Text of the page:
Will there be a 2016 recession?

Reply Fri 29 Jan, 2016 11:36 am

Robert Reich
1 hr ·
Data released this morning confirm my fear that the U.S. economy may fall into recession later this year. The economy expanded at an annual rate of just 0.7 percent in the fourth quarter of 2015. My concern has been inadequate demand for the goods and services the economy is capable of producing. This morning’s report showed (1) slower sales of durable goods like cars and appliances, (2) weaker demand from abroad, and (3) a slowdown in business investment, coupled with unprecedented $29 trillion corporate bond binge that has left many companies more indebted than than ever.
Meanwhile (4) Consumers are also holding back. Lower gas prices aren’t stimulating more spending because most Americans have to save whatever they can. Boomers haven’t saved enough for retirement; millennials haven’t saved enough to start families, and many are burdened with student debt; many others are in the “on demand” economy and have to save against the possibility of not having enough work. And most of the new jobs being created – although abundant – don’t pay squat.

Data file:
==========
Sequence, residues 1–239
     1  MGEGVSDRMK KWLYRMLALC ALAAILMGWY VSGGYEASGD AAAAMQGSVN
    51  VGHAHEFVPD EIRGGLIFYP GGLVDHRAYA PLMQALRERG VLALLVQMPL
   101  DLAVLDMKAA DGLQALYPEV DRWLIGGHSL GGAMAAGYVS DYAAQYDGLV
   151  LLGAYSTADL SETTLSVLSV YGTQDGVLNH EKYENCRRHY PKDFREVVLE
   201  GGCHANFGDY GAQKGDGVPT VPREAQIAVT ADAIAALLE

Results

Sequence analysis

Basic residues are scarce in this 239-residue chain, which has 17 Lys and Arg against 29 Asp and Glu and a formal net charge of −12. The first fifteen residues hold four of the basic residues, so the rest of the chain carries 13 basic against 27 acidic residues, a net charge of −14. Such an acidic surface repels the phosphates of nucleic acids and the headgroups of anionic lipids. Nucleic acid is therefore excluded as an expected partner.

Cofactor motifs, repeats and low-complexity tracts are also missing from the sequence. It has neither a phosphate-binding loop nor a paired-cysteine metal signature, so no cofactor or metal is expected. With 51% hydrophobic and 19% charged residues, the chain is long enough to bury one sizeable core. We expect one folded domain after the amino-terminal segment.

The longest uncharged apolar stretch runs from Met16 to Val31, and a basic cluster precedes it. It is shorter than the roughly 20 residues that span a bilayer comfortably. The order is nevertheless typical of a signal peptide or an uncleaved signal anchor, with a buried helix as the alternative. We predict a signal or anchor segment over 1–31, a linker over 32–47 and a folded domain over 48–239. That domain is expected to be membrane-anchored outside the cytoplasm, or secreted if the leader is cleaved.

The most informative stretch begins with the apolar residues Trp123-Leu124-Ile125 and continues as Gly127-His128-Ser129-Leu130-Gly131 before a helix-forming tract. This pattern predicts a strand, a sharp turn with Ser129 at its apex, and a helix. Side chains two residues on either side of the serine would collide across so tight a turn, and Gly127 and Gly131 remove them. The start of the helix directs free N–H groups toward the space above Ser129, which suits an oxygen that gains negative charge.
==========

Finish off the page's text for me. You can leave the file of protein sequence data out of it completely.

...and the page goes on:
Finally, (5) the government – which should be the spender of last resort to make up for shortfalls in the rest of the economy – is holding back: The Republican Congress is still wedded to austerity economics, many state governments continue to cut spending, and the Fed is raising interest rates.
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Reply Fri 29 Jan, 2016 11:47 am
The down side is that the world economy has slowed a lot and that is reducing demand, but the on the upside gas prices are down a lot and that is adding a fair amount to the free cash in a lot of households. For me that is around $40/wk difference in available cash. Employment is also still strong adding more money into the pot. On the down side, the Republicans who control Congress would benefit by a recession in the election cycle. The reality is that they don't have a lot of incentive to increase government spending and the last time around state government were cutting support payments like unemployment that tend to help the economy achieve a soft landing. In short, I don't see it yet, but it wouldn't surprise me much.
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Reply Fri 29 Jan, 2016 03:57 pm
I'd say that Reich's scenario is scary, but plausible. And since the best single indicator for election results is economic growth in the recent past (somewhere between six months and a year), there's something even scarier that Reich doesn't seem to contemplate: Hello, president Trump!
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Reply Fri 29 Jan, 2016 04:04 pm
I don't think he can wrap his head around the concept. I certainly cannot.
cicerone imposter
Reply Fri 21 Oct, 2016 09:36 pm
Well, it's now October 2016, and still no recession. As a matter of fact, our economy is going gang-busters compared to other developed countries.
The US GDP grew at 1.4% in the second quarter of this year according to Bankrate.com.
The US GDP growth ranked number 1 in the world last year.
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